dualism

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du·al·ism

(dū'ăl-izm),
1. In chemistry, a theory advanced by Berzelius that every compound, no matter how many elements enter into it, is composed of two parts, one electrically negative, the other positive; still applicable, with modification, to polar compounds, but inapplicable to nonpolar compounds.
2. In hematology, the concept that blood cells have two origins, that is, lymphogenous and myelogenous.
3. The theory that the mind and body are two distinct systems, independent and different in nature.
[L. dualis, relating to two, fr. duo, two]

dualism

(do͞o′ə-lĭz′əm, dyo͞o′-)
n.
1. The condition of being double; duality.
2. Psychology The view that mental and physical properties are fundamentally different and that neither can be explained fully in terms of the other.

du′al·ist n.
du′al·is′tic adj.
du′al·is′ti·cal·ly adv.

du·al·ism

(dū'ăl-izm)
1. chemistry theory that every compound, no matter how many elements enter into it, is composed of two parts, one electrically negative, the other positive; applicable to polar compounds but not to nonpolar compounds.
2. hematology the concept that blood cells have two origins, i.e., lymphogenous and myelogenous.
3. The theory that the mind and body are two distinct systems, independent and different in nature.
[L. dualis, relating to two, fr. duo, two]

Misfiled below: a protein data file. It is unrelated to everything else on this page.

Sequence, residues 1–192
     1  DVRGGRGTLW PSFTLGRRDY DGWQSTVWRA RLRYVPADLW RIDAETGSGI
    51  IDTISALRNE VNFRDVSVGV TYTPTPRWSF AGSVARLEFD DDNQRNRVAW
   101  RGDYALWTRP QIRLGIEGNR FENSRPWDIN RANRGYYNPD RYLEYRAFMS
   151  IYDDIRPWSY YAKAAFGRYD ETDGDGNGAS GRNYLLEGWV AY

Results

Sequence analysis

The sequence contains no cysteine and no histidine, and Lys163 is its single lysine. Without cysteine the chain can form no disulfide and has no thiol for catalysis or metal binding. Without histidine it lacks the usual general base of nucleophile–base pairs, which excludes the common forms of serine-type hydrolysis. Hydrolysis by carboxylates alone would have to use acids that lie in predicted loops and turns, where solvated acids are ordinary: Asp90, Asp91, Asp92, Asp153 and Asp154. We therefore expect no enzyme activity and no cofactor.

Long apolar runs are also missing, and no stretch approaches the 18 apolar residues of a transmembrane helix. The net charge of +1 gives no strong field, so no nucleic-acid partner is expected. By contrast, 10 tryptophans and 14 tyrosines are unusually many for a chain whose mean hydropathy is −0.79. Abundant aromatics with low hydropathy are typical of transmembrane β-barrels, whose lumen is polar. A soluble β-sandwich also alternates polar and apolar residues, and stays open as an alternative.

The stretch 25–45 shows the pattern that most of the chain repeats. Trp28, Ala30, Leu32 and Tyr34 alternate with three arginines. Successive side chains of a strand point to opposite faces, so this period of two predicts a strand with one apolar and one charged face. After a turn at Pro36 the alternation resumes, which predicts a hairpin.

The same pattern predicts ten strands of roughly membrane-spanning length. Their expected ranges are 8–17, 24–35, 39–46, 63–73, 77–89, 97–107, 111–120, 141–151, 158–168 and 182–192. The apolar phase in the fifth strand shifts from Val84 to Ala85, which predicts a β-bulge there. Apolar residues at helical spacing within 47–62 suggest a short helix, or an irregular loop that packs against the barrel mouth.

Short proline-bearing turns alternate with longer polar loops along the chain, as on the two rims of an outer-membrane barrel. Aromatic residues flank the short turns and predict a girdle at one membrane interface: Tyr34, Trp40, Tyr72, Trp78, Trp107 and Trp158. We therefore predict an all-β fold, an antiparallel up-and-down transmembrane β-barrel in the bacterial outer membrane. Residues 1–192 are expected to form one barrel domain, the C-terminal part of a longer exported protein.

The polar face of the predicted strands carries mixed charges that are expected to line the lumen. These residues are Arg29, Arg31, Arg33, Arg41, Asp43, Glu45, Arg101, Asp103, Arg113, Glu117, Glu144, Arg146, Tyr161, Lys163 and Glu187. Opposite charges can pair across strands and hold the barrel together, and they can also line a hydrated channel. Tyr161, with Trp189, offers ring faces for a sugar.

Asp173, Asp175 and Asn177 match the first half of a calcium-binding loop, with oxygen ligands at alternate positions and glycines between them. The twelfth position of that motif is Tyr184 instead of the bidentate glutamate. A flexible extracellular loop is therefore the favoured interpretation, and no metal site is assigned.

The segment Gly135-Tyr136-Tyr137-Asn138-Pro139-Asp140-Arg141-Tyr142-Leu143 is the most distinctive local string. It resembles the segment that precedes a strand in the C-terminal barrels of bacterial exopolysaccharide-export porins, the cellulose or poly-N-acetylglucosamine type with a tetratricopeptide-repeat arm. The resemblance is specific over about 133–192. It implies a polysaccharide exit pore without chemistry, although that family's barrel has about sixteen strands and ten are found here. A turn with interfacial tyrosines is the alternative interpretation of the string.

dualism

(doo'a-lizm, du'a) [L. dualis, containing two + -ism]
1. The condition of being double or twofold.
2. The theory that human beings consist of two entities, mind and matter, that are independent of each other. Synonym: mind-body duality
3. The theory that various blood cells arise from two types of stem cells: myeloblasts, giving rise to the myeloid elements, and lymphoblasts, giving rise to the lymphoid elements.
References in periodicals archive ?
These common dualisms are rooted in an erroneous and radical separation of the perceiver from the world: "Dewey's model rejects this inner/outer model from the start.
Morrison and Ezzo) Elements of dualism are present however, in later Montagnais cosmology, and are illustrated through two brothers--Nipinoukhe (Summer-maker) and Piponoukhe (Winter-maker).
The book is unusual in legal studies, for it applies the psychological and anthro-political concept of the Manichean Delirium to the concept of legal dualism or pluralism, which I would define as a system of competing, even contradictory, legal principles and cultures.
This should remind us that above all what we finding genuine dualisms is a noble engagement .
The second aspect of Dualisms is its torrential supply of learning--textual, biographical, historical--and here I must enter a regret.
Putnam, 1997; Rorty, 1979), have provided cogent challenges to these epistemological dualisms that have structured philosophical discourse for thousands of years.
I conclude that More saw in Proust's dualism of memory versus phenomena a human recoil from the existentialism evident in Bergson's dynamism.
Naturalism provides an all-encompassing perspective that can sustain us as well as any to be found in traditional spirituality, and it leaves behind the dualisms that can obscure the intuition of unity.
The movement away from the body has caused all kinds of dualisms.
And essays may do so in the act of claiming for Walker the transcendence of romance, reinscribing one of several critical dualisms that survive in this collection.
I argue that traditional Western dualisms have created a paradox for women in athletics.
The arguments used by Dewey early in the century against the dualisms of his day are still powerful and have a bearing on the qualitative/quantitative dualism (QQD).